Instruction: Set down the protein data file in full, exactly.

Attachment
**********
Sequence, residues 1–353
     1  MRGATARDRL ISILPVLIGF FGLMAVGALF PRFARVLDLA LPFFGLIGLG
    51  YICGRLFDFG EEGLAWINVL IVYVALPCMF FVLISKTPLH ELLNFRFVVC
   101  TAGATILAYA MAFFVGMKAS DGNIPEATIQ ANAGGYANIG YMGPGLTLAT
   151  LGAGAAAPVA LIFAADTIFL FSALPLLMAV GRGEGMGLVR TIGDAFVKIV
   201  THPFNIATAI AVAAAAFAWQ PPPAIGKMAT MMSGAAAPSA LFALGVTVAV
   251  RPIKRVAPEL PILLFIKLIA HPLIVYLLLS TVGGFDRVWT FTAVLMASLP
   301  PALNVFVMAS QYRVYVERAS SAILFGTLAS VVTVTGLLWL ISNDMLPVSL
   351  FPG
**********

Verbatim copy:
Sequence, residues 1–353
     1  MRGATARDRL ISILPVLIGF FGLMAVGALF PRFARVLDLA LPFFGLIGLG
    51  YICGRLFDFG EEGLAWINVL IVYVALPCMF FVLISKTPLH ELLNFRFVVC
   101  TAGATILAYA MAFFVGMKAS DGNIPEATIQ ANAGGYANIG YMGPGLTLAT
   151  LGAGAAAPVA LIFAADTIFL FSALPLLMAV GRGEGMGLVR TIGDAFVKIV
   201  THPFNIATAI AVAAAAFAWQ PPPAIGKMAT MMSGAAAPSA LFALGVTVAV
   251  RPIKRVAPEL PILLFIKLIA HPLIVYLLLS TVGGFDRVWT FTAVLMASLP
   301  PALNVFVMAS QYRVYVERAS SAILFGTLAS VVTVTGLLWL ISNDMLPVSL
   351  FPG